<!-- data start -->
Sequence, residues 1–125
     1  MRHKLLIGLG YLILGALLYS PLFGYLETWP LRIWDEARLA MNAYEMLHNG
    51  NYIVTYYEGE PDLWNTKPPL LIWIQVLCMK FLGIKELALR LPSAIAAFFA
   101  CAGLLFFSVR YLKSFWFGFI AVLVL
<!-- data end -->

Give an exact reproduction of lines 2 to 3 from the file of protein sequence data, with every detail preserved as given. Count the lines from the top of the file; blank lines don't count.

     1  MRHKLLIGLG YLILGALLYS PLFGYLETWP LRIWDEARLA MNAYEMLHNG
    51  NYIVTYYEGE PDLWNTKPPL LIWIQVLCMK FLGIKELALR LPSAIAAFFA